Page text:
In the Middle of an Emergency? How to Stay Calm and Move on

keep calm and carry on

When in an emergency, you might feel frazzled, stressed, and reactive. Remaining calm throughout an emergency can help move the emergency out of crisis mode. Keep your cool and move smoothly forward by following these six simple steps, which, though ordered, may be repeated.

  1. Breathe

    The first, and perhaps most important, step is to breath. Take several deep breaths. Inhale, reminding yourself that you can be calm. Exhale, telling yourself to release your anxieties and fears.

  2. Think

    A natural tendency and instinct in an emergency is to react, or overreact. Often our bodies act before our minds catch up. Though sometimes this is important in the face of personal danger, other times it can be detrimental to self and others. The short time that you take to think before you act could be lifesaving.

  3. Ask Questions

    If others are involved, ask what has happened, what is happening, and how you and others are doing and feeling. These questions and answers will help you to understand the situation more fully and best respond.

  4. Prioritize

    With more information, you can wisely prioritize your next steps. Ask yourself what needs to happen first to keep the situation and everyone involved safe. Then, move toward a solution that will redefine the emergency from being a crisis to a situation simply needing management.

  5. Take action

    With priorities, your actions can take shape. These include informing others of the situation and its progress, caring for someone else, clearing unnecessary and unhelpful spectators, and delegating responsibilities. Not only will these help you to remain preoccupied so that you stay calm, but they will also help you handle the emergency effectively and appropriately.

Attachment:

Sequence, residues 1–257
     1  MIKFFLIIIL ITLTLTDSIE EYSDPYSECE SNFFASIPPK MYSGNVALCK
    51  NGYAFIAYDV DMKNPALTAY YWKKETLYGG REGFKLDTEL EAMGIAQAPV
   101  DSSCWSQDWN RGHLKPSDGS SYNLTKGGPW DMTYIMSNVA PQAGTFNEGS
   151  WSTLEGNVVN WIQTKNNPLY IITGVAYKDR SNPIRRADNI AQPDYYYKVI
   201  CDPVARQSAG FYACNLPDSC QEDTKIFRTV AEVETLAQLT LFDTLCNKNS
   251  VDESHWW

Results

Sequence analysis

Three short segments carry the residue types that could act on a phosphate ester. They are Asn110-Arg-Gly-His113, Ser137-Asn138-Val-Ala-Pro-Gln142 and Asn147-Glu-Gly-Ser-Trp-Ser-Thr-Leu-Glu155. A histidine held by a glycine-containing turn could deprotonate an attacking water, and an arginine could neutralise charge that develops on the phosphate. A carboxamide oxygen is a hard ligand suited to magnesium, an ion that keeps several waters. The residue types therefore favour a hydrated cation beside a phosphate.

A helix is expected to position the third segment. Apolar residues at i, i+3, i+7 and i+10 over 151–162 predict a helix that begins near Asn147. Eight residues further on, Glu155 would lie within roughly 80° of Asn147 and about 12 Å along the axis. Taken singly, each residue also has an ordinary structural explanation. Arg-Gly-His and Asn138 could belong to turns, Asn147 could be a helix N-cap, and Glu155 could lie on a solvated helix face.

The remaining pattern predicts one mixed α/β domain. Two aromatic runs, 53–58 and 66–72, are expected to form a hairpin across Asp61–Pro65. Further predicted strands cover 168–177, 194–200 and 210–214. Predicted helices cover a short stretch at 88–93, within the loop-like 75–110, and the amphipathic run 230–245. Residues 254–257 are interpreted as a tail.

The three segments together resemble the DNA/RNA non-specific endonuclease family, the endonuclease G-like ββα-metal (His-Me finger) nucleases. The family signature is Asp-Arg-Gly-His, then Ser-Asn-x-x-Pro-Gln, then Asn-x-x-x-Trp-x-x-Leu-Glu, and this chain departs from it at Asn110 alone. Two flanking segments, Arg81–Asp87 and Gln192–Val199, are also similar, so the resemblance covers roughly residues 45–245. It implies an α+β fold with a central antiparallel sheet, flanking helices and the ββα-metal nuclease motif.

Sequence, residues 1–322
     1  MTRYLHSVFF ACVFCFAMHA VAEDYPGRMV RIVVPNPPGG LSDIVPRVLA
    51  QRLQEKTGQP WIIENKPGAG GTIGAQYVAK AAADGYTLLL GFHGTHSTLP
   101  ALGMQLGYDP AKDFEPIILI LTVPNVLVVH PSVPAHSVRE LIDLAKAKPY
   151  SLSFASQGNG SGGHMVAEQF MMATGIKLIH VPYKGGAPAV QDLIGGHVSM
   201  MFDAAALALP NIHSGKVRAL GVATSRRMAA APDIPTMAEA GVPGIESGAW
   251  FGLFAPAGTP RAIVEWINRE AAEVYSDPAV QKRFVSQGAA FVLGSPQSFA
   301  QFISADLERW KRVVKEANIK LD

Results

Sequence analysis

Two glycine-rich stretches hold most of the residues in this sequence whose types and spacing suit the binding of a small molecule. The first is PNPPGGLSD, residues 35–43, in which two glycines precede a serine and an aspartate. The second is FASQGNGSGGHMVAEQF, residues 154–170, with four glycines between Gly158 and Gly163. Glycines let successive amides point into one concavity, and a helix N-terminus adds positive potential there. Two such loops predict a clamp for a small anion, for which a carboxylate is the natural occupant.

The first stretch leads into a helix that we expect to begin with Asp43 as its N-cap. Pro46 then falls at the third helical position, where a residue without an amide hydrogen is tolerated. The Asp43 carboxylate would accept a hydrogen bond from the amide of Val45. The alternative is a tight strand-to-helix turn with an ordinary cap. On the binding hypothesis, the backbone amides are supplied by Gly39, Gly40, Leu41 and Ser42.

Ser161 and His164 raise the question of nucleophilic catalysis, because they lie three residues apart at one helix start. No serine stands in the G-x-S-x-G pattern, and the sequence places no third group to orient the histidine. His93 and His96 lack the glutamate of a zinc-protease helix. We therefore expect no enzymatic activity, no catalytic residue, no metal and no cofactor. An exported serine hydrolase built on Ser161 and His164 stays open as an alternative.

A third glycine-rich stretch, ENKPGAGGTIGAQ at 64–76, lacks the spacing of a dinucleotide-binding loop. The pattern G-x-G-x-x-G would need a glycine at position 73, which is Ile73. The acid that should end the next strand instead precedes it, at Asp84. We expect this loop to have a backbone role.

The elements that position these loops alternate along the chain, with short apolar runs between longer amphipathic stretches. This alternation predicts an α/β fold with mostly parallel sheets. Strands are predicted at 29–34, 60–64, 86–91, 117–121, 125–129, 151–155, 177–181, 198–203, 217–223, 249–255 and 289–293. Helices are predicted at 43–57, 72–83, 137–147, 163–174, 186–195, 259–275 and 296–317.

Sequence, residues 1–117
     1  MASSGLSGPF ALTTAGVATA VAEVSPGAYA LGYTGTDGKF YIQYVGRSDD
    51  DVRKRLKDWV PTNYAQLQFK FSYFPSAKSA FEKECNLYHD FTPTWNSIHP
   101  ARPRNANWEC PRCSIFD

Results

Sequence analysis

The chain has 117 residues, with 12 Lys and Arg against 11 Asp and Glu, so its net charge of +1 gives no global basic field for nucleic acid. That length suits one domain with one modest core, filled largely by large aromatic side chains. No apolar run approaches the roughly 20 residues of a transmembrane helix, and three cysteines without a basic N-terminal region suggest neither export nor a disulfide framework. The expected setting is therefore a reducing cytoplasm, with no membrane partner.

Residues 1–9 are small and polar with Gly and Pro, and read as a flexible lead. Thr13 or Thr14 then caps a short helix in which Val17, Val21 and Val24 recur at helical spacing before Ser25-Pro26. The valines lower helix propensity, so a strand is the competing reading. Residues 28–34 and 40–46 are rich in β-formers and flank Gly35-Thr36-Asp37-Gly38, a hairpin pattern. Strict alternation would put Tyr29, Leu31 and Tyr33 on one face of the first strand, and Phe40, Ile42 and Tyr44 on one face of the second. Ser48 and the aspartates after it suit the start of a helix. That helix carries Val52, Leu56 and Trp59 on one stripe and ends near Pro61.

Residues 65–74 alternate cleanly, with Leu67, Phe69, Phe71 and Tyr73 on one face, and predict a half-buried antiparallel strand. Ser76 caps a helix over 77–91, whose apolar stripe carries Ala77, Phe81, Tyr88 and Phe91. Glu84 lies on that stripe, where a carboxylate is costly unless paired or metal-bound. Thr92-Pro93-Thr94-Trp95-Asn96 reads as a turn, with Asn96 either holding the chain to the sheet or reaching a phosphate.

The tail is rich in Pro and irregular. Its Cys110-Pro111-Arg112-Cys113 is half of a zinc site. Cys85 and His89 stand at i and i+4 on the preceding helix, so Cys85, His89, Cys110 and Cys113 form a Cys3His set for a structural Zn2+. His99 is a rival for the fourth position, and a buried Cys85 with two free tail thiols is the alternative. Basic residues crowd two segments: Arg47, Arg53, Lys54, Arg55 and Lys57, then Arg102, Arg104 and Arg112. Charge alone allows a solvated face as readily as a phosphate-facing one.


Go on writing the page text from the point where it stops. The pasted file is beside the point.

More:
Say that you’re locked out of your car but need to take someone to the hospital immediately. First, you could dial 911, and then try to get ahold of a locksmith to come unlock your car.

  6. Express and Process

    You have navigated through and past the emergency. Now you will most likely feel a variety of emotions, including questioning what happened and how you responded. You might even viscerally relive the emergency for some time. This can be a difficult process. Find someone to express and process your experiences with to help you heal and move forward.

Emergencies vary in severity and the effects they will have on you and others involved. Familiarizing yourself with these steps will help you prepare for when you find yourself in an emergency and will decrease the negative effects you might experience both during and after it. Just remember: breath, think, ask questions, prioritize, take action, and express and process.

Tricia is a mom and a blogger from Beverly Hills. She recommends for your locksmith needs.

Leave a Reply

This site uses Akismet to reduce spam. Learn how your comment data is processed.

%d bloggers like this: